Wednesday, December 22, 2010

The Case of the Escaped Gingerbread Man-a holiday mystery!

Today was such fun! The holiday tradition that I share with my class is my collection of Gingerbread stories. We have been reading them for a little over a week now. On Friday we made gingerbread dough, yesterday we made individual gingerbread cookies, and today we made a giant Gingerbread Man.

We rolled out the dough, cut out one large cookie and then each child added some candy.

We popped him in the oven.

                                          And guess what?!

Sure enough, just like the stories we have been reading, he jumped out of the oven and ran away. He left us rhyming clues at every one of his stops.

First he went to the classroom next door. There we found his note in a bookshelf.

He sent us down to the two year old’s classroom. The teacher there found a note in her cabinet.

Our Gingerbread man is pretty worldly as his next stop was to the office to surf the net.

We found what he was looking at on the internet: turtles. So we knew our clue would direct us back upstairs to our turtle tank.

We were too late as he had decided to go outside.

A quick jaunt outside found our last clue. He was cold and going in to get mittens.

Back inside as quietly as can be and…… FOUND HIM!! In the corner, trying on some of Jack’s mittens

We lovingly scooped him up and then with great fan fare we ate him while reading Gingerbread Friends, our last gingerbread story until someone finds a new version for me.

At pickup time, all of the children were delighted to share the details of their day with their parents. Many of them asked me if we could make another one tomorrow-only tomorrow they want her to be a girl.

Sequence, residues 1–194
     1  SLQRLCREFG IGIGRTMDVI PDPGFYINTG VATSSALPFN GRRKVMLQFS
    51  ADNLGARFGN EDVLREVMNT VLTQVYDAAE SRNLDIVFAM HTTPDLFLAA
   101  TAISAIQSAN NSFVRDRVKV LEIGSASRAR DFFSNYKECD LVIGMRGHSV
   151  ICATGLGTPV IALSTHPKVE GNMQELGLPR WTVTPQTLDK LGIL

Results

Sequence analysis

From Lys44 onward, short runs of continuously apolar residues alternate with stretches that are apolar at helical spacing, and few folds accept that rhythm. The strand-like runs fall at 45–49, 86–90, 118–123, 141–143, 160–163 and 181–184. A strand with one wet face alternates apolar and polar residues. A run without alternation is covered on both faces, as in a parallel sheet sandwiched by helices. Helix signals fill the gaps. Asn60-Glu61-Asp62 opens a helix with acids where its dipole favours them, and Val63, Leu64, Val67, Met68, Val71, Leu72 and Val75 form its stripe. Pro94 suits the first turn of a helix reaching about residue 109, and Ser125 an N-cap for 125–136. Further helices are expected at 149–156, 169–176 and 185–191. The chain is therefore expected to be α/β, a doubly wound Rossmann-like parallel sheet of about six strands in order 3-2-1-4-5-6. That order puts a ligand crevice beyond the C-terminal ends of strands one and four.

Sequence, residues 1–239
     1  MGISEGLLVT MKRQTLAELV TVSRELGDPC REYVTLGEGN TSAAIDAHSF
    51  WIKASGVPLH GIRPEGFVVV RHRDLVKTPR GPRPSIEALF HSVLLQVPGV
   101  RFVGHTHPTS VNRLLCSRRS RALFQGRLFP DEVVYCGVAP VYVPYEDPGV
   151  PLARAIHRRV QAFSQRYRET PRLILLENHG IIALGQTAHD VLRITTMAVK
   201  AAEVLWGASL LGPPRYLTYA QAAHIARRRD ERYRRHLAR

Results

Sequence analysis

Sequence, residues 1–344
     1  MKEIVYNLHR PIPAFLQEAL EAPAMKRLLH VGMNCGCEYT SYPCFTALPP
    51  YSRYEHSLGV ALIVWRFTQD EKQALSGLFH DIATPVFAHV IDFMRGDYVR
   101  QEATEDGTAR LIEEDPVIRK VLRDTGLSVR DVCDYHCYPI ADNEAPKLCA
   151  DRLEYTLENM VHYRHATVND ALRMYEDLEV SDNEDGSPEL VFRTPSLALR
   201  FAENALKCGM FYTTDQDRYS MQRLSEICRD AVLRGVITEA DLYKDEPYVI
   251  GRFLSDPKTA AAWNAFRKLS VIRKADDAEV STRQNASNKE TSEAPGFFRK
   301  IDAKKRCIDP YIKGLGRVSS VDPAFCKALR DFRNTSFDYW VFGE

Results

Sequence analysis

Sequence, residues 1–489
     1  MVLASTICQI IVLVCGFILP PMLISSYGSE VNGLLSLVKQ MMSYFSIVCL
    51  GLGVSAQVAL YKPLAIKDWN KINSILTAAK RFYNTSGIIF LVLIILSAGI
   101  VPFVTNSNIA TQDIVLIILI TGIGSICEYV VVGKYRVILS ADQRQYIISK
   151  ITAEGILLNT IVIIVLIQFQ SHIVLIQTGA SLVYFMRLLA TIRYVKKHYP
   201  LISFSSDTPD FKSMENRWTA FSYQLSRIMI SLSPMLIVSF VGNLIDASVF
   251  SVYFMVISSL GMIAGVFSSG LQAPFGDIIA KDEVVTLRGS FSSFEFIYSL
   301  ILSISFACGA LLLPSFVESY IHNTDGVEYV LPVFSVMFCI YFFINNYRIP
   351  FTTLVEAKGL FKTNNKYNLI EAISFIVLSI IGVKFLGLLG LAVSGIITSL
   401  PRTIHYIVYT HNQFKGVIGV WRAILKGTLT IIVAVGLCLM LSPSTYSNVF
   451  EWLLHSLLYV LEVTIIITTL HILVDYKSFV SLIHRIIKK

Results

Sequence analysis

Check out these yummy versions of this delicious story

The Gingerbread Girl- Lisa Campbell Ernst

Gingerbread Cowboy-Janet Squires

The Gingerbread Pirates-Kristin Kladstrup
Gingerbread Baby-Jan Brett

Gingerbread Friends-Jan Brett

Reading and rhyming are playfully delicious!

Wednesday, December 15, 2010

Playfully Learning is Delicious!

One of the great joys of having a pastry chef as an assistant is the wonderful baking that we get to do in class.  We have always cooked in our classroom, but it has a special flair this year, thanks to my assistant, Katherine.

She was even a good enough sport to wear her full uniform to class one day when she cooked with us.  The children were thrilled.

Following our field trip to the grocery store and hearing about how the bakers come in at 3am to start the baking, we pretended it was 3am in our classroom one day.

A mom wanted to come in and decorate holiday cookies with the children as that is their family tradition, and we also decided to make bread from scratch.  Our room turned into a bake shop for the day-actually two, as the bread is a two day process.

The children enjoyed measuring, pouring, counting and mixing.  They learned about the properties of yeast and how to knead.

The also learned just how many sprinkles one sugar cookie can hold.

I always use tongue depressors when spreading anything with children as it is just too darn hard not to lick the knife. This keeps the germs from spreading and the tongues from getting cut-everyone has their own and we just throw them away when finished.  They never dip into a community bowl with them; the butter, cream cheese or frosting is always put on their plates and then they use their own spreaders.

It was a delicious few days of learning though play!

Real Life Investigating-The Grocery Store